For a few days this past week, I was presented with an opportunity back home, one that would have required (or allowed, depending on your perspective) me to return home for good much sooner than I had been expecting.
The story began earlier this year, in March or April. A thoughtful friend sent me a link to a job opening at a federal government agency. It was for an attorney position, and the duties involved were similar to what I was doing at my last position. He thought it was a great opportunity, especially given my previous experience, and wanted to let me know about it. At the time, I was not working full-time, and did not have any prospects of a full-time job. So I applied for this position, thinking that if I got this job for the 2014-2015 school year, I would accept it and return to the U.S. while my husband completed his contract with the school here. We would've had to be separated for 10 months, but we could've made it work.
Well, the months went by and I never heard from them, so I put it out of my mind. In the meantime, I was offered my current teaching job. We went home for a visit. Life went on. But, of course, life never happens as planned. A few weeks after I returned to Bangkok in July, just as I was preparing to start the school year, I received an email from the government agency with a request for an interview! After much discussion, my husband and I decided for me to go for it. After all, what harm was there to go through with the interview, right? (This is a big shift in my attitude and thinking. Two years ago, I wouldn't have gone through with the interview, having just started a new job. Now my thinking is, "Let's do it and see what happens.")
It was a huge pain in the butt to set up a transatlantic phone interview! We had to try a couple of times because my cell phone is an ancient dinosaur of a gadget and the connection was horrible. The interview finally took place one night at 10 p.m. my time. After waiting for the entire day for the interview, I was nervous, tired, and not in the mood. The interview went okay, but not particularly spectacularly. I was just glad to get it done and go to bed!
At the time, we decided that, if I were offered a position early enough in the school year, I could still consider accepting the job. The position was to start at the end of September. But again, weeks went by, and I heard nothing. I developed a routine and relationship with my students. We got to know each other, became comfortable with each other, and they came to depend on me.
Finally, after more than a month went by, I received a job offer this past week. Imagine the emotions that I felt seeing that email in my inbox first thing in the morning. I was happy that I received an offer, of course; it's always nice to have options. But now I was presented with a difficult decision that I was kind of hoping I wouldn't ever have to make. For one, I felt extremely crappy at the thought of abandoning my students so suddenly. Two, we have already made vacation plans for September and October, and I was really looking forward to those trips, as well as other trips later this year. On top of it all, a big part of me no longer felt like going home -- this year being our second year, things feel completely different; we're comfortable living here now, and we're enjoying our life with our jobs, friends, travels, and explorations.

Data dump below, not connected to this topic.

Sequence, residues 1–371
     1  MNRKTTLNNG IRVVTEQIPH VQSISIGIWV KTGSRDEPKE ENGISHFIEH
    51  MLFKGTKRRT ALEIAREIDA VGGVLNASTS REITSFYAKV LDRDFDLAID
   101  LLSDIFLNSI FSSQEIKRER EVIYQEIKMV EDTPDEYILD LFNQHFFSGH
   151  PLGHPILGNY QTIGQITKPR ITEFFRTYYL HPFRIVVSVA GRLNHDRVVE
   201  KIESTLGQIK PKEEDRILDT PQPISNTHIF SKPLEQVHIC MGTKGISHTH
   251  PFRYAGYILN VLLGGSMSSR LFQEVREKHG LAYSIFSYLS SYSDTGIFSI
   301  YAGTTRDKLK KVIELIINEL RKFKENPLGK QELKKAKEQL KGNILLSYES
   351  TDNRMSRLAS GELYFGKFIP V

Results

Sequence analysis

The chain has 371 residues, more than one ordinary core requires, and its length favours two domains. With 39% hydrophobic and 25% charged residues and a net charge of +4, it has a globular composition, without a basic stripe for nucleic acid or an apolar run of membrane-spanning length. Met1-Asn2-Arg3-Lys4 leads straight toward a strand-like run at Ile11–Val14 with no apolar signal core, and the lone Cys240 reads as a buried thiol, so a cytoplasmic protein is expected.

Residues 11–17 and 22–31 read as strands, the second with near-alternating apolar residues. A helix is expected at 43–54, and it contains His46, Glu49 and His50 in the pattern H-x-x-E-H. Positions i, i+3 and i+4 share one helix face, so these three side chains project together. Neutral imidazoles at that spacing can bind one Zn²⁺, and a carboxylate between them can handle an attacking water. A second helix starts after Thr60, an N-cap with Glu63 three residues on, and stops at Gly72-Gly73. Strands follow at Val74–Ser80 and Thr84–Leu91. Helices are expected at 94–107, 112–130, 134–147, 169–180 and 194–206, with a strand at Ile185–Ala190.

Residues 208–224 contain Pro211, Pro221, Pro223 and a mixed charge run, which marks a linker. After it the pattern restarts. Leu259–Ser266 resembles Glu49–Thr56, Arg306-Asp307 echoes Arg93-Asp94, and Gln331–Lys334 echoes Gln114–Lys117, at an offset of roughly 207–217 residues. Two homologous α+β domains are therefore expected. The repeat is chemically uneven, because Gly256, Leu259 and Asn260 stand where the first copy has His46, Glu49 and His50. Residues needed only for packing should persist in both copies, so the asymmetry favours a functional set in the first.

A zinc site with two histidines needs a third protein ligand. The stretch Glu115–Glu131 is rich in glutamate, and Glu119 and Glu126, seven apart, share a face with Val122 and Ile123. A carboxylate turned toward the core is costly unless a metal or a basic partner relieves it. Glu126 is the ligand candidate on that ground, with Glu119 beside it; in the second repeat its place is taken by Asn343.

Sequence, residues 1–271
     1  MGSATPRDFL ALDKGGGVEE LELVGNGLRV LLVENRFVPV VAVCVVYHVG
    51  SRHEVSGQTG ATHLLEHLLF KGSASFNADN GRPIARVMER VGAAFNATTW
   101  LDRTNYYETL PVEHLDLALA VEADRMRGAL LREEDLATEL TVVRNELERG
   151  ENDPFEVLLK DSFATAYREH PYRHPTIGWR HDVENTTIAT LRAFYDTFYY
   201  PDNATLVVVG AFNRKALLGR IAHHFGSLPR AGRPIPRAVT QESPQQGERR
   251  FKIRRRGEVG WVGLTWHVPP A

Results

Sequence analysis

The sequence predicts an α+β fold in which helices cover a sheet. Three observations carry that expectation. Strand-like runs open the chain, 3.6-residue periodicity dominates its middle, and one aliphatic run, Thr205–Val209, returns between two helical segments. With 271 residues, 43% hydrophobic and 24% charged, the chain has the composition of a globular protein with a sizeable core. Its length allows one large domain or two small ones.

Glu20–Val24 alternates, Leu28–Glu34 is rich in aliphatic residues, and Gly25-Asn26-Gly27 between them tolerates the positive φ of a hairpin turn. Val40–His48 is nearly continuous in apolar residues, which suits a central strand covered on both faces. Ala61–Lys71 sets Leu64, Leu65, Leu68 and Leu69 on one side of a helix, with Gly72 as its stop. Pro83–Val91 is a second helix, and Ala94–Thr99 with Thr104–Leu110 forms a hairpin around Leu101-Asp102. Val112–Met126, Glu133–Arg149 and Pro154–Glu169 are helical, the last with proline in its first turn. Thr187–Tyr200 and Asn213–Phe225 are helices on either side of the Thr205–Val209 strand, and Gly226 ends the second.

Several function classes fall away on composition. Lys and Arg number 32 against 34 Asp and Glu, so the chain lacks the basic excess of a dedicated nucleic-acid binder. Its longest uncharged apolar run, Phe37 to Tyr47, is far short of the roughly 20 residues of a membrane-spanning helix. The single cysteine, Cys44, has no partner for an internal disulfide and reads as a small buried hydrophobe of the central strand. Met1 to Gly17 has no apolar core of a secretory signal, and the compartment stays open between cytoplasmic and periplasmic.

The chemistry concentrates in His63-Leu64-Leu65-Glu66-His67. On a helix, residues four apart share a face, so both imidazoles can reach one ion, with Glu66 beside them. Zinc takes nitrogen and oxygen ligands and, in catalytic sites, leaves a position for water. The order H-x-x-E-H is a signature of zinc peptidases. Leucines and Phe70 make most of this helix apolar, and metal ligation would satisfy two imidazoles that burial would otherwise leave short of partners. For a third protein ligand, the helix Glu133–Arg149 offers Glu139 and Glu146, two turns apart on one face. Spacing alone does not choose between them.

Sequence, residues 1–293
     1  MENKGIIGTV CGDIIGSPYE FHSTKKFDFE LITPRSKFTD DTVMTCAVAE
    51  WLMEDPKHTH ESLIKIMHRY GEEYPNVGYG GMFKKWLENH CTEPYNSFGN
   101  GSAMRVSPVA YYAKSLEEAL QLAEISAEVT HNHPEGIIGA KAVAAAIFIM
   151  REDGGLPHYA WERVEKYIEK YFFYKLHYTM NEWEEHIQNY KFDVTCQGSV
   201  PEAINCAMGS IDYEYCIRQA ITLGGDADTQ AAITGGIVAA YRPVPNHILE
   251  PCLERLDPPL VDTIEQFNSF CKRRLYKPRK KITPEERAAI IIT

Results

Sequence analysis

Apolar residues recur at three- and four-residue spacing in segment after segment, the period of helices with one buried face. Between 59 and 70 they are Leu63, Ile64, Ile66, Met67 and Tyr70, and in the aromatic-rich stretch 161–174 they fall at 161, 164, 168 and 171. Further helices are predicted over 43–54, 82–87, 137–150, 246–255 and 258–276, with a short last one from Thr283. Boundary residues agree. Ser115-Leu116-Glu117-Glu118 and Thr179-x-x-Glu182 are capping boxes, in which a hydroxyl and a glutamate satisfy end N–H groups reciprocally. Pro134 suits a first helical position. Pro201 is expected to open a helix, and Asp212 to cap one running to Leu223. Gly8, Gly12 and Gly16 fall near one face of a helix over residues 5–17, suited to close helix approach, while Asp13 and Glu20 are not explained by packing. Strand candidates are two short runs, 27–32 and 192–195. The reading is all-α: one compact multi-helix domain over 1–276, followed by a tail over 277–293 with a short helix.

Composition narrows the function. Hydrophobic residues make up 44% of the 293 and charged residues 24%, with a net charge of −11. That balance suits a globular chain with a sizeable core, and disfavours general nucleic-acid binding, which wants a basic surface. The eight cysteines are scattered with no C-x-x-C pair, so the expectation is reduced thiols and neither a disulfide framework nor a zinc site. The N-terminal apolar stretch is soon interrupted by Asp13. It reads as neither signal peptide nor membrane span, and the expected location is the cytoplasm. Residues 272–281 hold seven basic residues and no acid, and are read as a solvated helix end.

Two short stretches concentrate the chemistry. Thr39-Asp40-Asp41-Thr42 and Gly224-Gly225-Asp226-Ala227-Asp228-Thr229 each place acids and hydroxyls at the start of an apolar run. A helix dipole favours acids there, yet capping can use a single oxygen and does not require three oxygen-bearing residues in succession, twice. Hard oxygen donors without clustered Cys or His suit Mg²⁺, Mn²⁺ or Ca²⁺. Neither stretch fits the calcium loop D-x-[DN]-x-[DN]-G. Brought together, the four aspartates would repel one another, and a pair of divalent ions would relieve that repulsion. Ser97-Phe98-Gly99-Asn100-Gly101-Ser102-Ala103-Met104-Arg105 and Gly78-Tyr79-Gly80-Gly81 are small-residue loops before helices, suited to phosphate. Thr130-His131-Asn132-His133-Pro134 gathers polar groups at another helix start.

On the other hand, if we go home after this school year, this job would've really allowed us to return to our former life back in the U.S. pretty seamlessly. My husband already has a guaranteed position back home, and I would've been able to return to the legal field with the U.S. government. The situation couldn't have been more ideal for a return to a safe and secure existence. So which do we choose -- adventure or security? And yes, the two are pretty much mutually exclusive. There is just no way for us to live the life we live now back in the U.S.
After discussing it at length, we decided for me to take another risk by asking about the possibility of postponing the start date. The email offer had stated that the "first available start dates" were in September, giving the impression that there may be other available start dates.
Alas, there was no possibility of postponing the start date, so I had to choose between accepting the job offer and starting by the end of September, or declining the offer. I was so torn. But my gut told me that it would be completely wrong of me to ditch my current job and students with such short notice. I also didn't really want to be separated from my family and take my son out of school just as he was happily getting settled, so I declined the offer, but only after holding onto my email response for about an hour before sending it.
Of course, a small part of me is now second-guessing my decision. What have I done? Did I really give up a good job that would allow me to get back into the legal field, after having been out of practice for a year, when many other lawyers that are more current in the field are looking for jobs? Will we be kicking ourselves for this decision if or when we return home? I've always been pretty fortunate when it comes to getting jobs, but I certainly don't want to push my luck. On the other hand, I am relieved and happy that I'm staying, that I didn't really have to screw anyone over with my decision, that I don't have to say goodbye to anyone just yet, and that I get to continue this adventure, which I'm feeling more reluctant to give up with each passing day.